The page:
A ledger of record
Or what Gutemberg has in common with a pixellated ape.
The Internet has been confusing lately. Everything has. Every meeting, family reunion and friends’ hangout invariably touches the new, hot subject: cryptocurrency.
Most folks just refer to it to deride it. Many try to discombobulatedly explain as if they are the cypherpunk masters. But fail. Frustration ensues.
Maybe the repeating topic has something to do with the fact that the current events are just a remix from previous lessons of history, and deep inside we know there’s something very important brewing.
When Martin Luther allegedly nailed his 95 theses onto the door of Wittenberg’s All Saints Church, he was protesting powers that the Pope had given himself.
Not to get into a theological debate so close to Christmas and in such a positive spirited blog as mine is, we’ll just leave it at Luther’s acts marking the beginning of the Reformation, which split Europe into two religious factions and opened the way to several religious wars in the coming centuries.
The point is that Luther was able to succeed in his challenge to Rome because of memes.
Yes. He memed a religion into existence. Much like Doge coin, if you think of it.
He had help to become viral though. Yup. He became viral in the 1500s. Much like Khaby Lame, by pointing out the obvious.
Almost a century before Martin Luther’s performance, the social media platform that allowed him to go viral was created.
The printing press was not invented by Johannes Gutenberg in the mid-1400s though. His innovation, the metal movable type that allowed any book to be printed in a short time, was just the end of a long trail of innovations.
In previous printing press iterations, entire pages had to be composed and etched before printing. This is called woodblock printing. It’s a ton of fun if you wanna pursue it artistically.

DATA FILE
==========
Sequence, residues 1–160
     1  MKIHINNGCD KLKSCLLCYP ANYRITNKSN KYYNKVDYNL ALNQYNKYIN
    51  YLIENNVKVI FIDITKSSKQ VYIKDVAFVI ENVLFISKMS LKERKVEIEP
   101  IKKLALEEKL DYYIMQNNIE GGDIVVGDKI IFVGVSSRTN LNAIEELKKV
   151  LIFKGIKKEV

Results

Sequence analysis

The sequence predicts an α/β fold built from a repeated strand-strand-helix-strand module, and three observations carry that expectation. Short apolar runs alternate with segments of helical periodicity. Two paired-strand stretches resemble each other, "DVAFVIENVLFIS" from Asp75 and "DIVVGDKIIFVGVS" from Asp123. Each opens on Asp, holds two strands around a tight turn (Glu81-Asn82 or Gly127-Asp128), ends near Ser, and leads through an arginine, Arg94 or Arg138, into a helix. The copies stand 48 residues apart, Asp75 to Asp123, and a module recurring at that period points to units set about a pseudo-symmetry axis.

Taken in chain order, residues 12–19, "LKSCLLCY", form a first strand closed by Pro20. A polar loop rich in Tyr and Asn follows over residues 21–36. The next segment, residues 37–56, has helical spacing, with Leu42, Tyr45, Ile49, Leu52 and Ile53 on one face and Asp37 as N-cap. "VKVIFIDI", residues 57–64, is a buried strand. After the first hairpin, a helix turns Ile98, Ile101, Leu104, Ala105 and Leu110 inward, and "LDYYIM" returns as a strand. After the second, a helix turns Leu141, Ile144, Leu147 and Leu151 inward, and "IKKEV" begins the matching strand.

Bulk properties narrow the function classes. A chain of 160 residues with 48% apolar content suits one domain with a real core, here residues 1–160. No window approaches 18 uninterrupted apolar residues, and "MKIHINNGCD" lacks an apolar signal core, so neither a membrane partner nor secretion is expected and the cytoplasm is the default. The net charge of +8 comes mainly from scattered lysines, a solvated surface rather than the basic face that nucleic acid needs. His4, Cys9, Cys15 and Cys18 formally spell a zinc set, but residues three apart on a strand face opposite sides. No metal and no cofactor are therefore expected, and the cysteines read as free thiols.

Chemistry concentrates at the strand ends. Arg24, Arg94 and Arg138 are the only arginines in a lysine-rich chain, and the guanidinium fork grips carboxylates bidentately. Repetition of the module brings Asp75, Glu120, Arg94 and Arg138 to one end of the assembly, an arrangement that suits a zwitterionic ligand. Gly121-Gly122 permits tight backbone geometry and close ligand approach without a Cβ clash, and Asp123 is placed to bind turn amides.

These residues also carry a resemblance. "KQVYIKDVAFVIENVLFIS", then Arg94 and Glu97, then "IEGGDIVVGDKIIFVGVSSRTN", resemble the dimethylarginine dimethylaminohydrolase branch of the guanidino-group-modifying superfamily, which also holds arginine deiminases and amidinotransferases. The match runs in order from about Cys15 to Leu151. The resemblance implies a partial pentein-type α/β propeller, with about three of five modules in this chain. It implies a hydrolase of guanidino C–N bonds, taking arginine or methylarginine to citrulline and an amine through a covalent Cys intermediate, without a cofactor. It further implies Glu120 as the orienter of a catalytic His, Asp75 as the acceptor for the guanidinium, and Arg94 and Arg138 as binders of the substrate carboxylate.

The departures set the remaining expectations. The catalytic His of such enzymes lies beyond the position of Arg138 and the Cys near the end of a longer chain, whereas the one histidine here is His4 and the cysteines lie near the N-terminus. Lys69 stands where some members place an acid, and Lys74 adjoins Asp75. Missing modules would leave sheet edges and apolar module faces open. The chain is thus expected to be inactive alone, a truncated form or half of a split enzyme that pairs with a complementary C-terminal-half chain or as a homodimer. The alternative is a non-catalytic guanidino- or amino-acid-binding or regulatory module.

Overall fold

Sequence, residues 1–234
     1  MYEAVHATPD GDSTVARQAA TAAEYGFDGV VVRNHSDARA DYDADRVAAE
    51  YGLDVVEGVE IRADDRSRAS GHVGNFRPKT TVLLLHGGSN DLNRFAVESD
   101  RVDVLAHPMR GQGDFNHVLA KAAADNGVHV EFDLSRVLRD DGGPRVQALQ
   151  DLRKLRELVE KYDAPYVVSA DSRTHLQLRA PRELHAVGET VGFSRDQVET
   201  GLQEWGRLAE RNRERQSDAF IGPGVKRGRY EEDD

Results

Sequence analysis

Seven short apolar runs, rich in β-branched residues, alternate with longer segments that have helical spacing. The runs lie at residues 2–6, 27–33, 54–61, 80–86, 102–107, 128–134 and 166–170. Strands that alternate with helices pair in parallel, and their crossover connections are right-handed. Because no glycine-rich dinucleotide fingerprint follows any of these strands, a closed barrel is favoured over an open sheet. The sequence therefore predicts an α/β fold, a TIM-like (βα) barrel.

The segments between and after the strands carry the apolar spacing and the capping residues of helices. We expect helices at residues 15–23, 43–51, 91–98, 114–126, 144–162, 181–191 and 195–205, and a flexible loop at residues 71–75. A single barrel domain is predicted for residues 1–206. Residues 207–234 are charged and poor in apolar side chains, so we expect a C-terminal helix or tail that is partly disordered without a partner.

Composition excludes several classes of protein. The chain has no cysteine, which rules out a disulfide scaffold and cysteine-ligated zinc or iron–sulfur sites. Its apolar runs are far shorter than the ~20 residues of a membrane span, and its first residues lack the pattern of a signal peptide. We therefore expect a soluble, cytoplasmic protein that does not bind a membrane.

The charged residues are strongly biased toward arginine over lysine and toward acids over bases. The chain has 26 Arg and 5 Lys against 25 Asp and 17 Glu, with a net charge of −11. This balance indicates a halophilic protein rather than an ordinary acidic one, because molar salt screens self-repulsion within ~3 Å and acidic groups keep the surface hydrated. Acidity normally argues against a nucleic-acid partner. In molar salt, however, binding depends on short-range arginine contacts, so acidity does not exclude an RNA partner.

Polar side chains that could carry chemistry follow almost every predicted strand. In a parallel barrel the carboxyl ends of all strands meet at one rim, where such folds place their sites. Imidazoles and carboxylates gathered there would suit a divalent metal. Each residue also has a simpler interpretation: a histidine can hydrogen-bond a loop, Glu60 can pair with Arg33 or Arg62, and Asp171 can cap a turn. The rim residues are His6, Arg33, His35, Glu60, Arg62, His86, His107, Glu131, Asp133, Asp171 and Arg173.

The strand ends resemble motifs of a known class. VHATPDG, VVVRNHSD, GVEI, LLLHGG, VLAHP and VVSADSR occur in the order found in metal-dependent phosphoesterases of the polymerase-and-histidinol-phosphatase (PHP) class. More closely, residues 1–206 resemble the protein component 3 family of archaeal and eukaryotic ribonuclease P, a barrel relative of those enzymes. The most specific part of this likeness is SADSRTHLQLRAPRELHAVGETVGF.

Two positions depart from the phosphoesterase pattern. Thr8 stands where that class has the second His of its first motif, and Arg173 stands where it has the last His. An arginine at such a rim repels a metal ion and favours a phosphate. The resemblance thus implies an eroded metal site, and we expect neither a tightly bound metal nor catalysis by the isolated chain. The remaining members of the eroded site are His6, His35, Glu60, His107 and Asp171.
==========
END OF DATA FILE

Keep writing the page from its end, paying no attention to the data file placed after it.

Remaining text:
Back to Joe G. Regardless of his invention not being the sole product of his genius, it was the fact that he made printing cheap and accessible to the masses which allowed Luther to go viral.
Kind of like Twitter, if you will.
All this to say that the massive impact of the metal movable type can now be seen from design (new fonts could be created) to literature (thousands of books could be quickly and cheaply printed) to new work ethics and systems of belief (see Marty L’s meme story above).
Those and countless other innovations were able to emerge thanks to the printing press being perfected in the 1400s.
The thing is, during those times, maybe 5% of the population was able to read.
Gutemberg’s press made a dramatic shift in history. We cannot imagine life in the 2020s without books.
Yet when Gutemberg introduced it, the percentage of the population who understood it, could use it and could benefit from it immediately was ridiculously small.
That situation is repeating now. Our version of memes and social media are doing something similar to what they did 600 years ago.
And there’s more. The innovations in banking and finance that emerged in relatively far away corners of Europe is akin to the current advances in technology that have governments and multilateral organizations everywhere worried sick about a destabilization of the system.
Pretty much what happened in the 1400s.
Joshua Rosenthal is a recovering historian. He has a PhD in something I cannot even pronounce. Medieval History related. He knows his Renaissance.
I owe this post to his vision of how what we are going through today is a Renaissance of sorts.
We are discovering new platforms for arts, which link the Medici and NFT apes, and we’re finding new ways of communicating with people through social media, blogs and mailing lists. Pretty much what the printing press did.
Oh, and we are reinventing accounting. Luca Pacioli is the first on record to have used a double-entry ledger to keep books.
We are discovering new ways of funding our endeavors, which links the emergence of banks and accounting with today’s decentralized finance and crypto revolution.
The word Renaissance is French for re-birth. It implies a cycle of repeated returns.
Bitcoin is the reinvention of the ledger of record. I’m convinced we are living through a new Renaissance.
And any of us could be the new da Vinci. So stop reading this nonsense and go create something epic.
My annoying practice of posting important links at the end has an evil purpose: so you don’t click on them and leave the page before you finish reading my illuminated words. Ok sometimes they are not that illuminated. But the content of these links is: